New Pharmaceutical Approaches to the Treatment of IBS:Future Development & Research

Authors N. Coleman, R. Spiller.


Current approaches to treatment of Irritable Bowel Syndrome
(IBS) aim to normalise disturbed intestinal physiology.
The most effective centrally acting drugs are tricyclic
antidepressants. Alosetron, a 5-HT3 receptor antagonist
is effective in women with diarrhea-predominant IBS
whilst tegaserod and prucalopride are 5-HT4 agonists enhancing
bowel motility in constipation-predominant IBS.
Serotonergic receptor modulation has been the first targeted
pharmacological intervention. The development of new
drugs constitutes a major challenge as there are many targets
along the brain-gut axis and the enteric nervous system
(ENS). Newer tricyclic antidepressants with fewer side
effects and corticotrophin releasing factor-1 (CRF-1) antagonists
are examples of future centrally acting drugs.
Agents that alter visceral sensitivity include kappa-opioid
agonists (fedotozine, trimebutine, asimadoline), alpha-2
adrenoreceptor agonists (clonidine, lidamidine), tachykinin
receptor antagonists (neurokinin A, substance P) and
other experimental anti-nociceptive drugs (GABA-B receptor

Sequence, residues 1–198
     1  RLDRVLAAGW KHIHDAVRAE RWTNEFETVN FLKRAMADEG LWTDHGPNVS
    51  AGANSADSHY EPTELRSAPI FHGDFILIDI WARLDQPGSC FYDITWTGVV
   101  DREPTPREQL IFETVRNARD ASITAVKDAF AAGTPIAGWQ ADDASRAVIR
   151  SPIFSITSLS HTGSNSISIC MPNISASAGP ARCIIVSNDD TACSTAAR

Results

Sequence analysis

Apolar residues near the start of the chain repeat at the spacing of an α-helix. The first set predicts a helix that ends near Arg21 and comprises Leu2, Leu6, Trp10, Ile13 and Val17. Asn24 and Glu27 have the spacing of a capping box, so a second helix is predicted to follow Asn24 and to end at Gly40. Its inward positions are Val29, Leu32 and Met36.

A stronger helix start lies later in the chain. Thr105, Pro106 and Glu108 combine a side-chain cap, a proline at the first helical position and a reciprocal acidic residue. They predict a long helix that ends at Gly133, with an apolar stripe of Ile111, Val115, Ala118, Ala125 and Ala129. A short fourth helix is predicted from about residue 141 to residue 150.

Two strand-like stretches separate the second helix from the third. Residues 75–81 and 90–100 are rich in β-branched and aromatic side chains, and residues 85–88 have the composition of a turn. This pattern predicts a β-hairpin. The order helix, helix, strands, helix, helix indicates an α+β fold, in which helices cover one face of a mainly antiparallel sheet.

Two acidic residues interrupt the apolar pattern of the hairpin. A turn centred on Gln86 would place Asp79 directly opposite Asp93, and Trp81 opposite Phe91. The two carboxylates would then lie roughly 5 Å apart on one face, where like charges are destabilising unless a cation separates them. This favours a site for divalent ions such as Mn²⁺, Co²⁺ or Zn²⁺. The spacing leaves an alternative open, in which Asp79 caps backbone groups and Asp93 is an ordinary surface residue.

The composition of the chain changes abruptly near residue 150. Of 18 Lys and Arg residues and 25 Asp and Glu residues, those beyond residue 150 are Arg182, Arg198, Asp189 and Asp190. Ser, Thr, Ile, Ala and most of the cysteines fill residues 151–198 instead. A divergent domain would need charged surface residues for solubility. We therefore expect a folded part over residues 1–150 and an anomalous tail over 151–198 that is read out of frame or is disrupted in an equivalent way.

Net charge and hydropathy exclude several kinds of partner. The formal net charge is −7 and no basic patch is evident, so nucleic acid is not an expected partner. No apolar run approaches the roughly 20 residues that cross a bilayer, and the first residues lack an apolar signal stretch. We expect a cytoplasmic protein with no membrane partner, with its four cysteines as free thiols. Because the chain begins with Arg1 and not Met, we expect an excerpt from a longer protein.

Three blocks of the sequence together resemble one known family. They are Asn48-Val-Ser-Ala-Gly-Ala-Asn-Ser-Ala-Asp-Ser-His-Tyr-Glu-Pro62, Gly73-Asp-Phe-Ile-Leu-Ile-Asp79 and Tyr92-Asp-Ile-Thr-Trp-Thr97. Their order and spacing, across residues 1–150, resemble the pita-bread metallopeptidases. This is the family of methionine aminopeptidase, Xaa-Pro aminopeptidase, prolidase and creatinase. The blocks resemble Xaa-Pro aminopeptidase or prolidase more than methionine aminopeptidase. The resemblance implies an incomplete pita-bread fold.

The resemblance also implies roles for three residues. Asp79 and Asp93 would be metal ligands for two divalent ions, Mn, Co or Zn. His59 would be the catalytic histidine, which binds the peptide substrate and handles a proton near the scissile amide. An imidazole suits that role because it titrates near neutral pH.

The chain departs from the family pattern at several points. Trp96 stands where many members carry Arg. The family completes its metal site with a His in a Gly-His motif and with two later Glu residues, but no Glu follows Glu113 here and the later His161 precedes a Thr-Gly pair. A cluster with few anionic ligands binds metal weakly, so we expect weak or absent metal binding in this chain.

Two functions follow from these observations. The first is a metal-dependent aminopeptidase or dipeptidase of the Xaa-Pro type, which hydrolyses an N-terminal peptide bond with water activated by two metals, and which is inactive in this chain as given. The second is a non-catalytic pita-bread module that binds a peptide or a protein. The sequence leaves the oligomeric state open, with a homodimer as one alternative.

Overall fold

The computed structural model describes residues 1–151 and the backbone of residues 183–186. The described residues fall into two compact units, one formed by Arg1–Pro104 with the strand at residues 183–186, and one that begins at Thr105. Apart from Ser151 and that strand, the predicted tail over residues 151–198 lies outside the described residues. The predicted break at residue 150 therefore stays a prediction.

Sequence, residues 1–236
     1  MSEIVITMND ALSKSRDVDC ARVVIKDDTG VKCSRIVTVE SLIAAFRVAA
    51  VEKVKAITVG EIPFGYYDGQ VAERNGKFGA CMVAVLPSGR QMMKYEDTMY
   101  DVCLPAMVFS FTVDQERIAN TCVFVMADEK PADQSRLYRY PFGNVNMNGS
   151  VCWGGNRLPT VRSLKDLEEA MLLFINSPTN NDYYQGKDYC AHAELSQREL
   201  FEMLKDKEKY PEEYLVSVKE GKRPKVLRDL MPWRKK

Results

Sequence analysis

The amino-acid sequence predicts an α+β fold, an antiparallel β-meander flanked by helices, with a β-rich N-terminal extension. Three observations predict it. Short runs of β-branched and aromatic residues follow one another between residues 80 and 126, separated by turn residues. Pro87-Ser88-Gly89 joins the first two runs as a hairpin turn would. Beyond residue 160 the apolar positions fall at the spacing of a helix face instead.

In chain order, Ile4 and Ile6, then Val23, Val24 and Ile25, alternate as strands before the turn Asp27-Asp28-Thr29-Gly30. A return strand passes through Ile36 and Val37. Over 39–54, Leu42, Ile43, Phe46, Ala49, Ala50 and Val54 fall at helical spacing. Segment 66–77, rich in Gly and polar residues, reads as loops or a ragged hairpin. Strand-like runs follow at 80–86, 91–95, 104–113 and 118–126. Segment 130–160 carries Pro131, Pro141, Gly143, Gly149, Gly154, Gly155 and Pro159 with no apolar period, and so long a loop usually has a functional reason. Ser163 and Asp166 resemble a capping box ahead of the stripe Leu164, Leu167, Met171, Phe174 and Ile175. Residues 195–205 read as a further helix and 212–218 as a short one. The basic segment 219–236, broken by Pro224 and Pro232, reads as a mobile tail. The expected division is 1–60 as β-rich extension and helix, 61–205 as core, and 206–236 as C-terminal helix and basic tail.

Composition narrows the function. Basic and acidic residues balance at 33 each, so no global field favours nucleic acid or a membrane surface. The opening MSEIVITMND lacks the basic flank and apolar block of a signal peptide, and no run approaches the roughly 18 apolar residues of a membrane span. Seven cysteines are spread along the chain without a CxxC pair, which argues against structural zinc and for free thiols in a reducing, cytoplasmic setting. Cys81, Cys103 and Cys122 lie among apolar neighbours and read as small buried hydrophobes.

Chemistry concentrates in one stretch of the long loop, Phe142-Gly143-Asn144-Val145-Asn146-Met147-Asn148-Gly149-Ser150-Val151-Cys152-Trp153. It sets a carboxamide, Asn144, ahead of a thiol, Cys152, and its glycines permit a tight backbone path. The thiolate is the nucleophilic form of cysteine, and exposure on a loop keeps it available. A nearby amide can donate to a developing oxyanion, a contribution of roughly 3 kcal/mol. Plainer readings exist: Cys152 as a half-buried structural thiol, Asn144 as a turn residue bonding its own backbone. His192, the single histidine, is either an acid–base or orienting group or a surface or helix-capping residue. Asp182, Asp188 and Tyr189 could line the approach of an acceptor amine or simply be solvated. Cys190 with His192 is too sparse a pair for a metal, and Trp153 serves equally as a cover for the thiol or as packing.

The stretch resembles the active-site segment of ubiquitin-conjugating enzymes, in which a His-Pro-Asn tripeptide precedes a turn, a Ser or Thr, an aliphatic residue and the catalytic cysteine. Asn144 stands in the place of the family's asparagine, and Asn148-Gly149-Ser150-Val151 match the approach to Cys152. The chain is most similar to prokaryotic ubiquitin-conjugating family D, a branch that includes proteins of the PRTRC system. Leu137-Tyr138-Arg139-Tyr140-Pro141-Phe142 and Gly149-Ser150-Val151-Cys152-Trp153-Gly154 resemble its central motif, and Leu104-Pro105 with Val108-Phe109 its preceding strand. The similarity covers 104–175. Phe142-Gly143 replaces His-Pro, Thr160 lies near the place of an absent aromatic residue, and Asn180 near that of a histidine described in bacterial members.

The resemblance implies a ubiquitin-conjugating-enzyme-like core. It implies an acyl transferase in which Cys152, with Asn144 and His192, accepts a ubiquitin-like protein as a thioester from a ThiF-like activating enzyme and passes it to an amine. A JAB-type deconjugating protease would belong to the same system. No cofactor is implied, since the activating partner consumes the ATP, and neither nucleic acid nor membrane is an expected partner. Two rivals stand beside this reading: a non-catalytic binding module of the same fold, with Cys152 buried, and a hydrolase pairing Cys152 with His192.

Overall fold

agonists). COX-2 inhibitors may be effective for postinfectious
IBS. Drugs potentially useful in controlling intestinal
motility and secretion other than serotonergic receptors
modulators, include muscarinic receptors antagonists
(derifenacin, zamenifenacin), octreotide and CCK-1
receptor antagonists (dexloglumide). Neurotrophins (NT-
3 and brain derived neurotrophic factor) are promising factors
for the treatment of IBS patients with constipation. The development of new and effective drugs for IBS requires
a more detailed understanding of pathophysiologic mechanisms,
a fact that will allow us a more targeted intervention.
Key words: Irritable bavel syndrome, visceral sensitivity tricyclic
antidepressants, muscarinic receptors
Special Topics